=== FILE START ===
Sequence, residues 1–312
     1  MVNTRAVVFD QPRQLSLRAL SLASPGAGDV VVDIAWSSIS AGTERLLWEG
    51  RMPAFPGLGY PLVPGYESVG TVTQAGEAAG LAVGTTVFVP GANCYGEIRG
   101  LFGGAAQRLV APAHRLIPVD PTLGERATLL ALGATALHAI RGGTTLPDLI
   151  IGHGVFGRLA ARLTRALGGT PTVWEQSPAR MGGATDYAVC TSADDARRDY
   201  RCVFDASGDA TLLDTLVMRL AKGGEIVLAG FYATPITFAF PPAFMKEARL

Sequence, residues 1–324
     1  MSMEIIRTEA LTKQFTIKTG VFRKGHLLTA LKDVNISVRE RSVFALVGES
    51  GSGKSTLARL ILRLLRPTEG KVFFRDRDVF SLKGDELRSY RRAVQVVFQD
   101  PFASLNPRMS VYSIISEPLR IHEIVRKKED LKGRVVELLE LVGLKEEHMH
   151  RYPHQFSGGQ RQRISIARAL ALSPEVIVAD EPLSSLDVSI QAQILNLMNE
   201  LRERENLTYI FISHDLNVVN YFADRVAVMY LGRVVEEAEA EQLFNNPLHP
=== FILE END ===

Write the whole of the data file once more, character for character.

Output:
Sequence, residues 1–312
     1  MVNTRAVVFD QPRQLSLRAL SLASPGAGDV VVDIAWSSIS AGTERLLWEG
    51  RMPAFPGLGY PLVPGYESVG TVTQAGEAAG LAVGTTVFVP GANCYGEIRG
   101  LFGGAAQRLV APAHRLIPVD PTLGERATLL ALGATALHAI RGGTTLPDLI
   151  IGHGVFGRLA ARLTRALGGT PTVWEQSPAR MGGATDYAVC TSADDARRDY
   201  RCVFDASGDA TLLDTLVMRL AKGGEIVLAG FYATPITFAF PPAFMKEARL

Sequence, residues 1–324
     1  MSMEIIRTEA LTKQFTIKTG VFRKGHLLTA LKDVNISVRE RSVFALVGES
    51  GSGKSTLARL ILRLLRPTEG KVFFRDRDVF SLKGDELRSY RRAVQVVFQD
   101  PFASLNPRMS VYSIISEPLR IHEIVRKKED LKGRVVELLE LVGLKEEHMH
   151  RYPHQFSGGQ RQRISIARAL ALSPEVIVAD EPLSSLDVSI QAQILNLMNE
   201  LRERENLTYI FISHDLNVVN YFADRVAVMY LGRVVEEAEA EQLFNNPLHP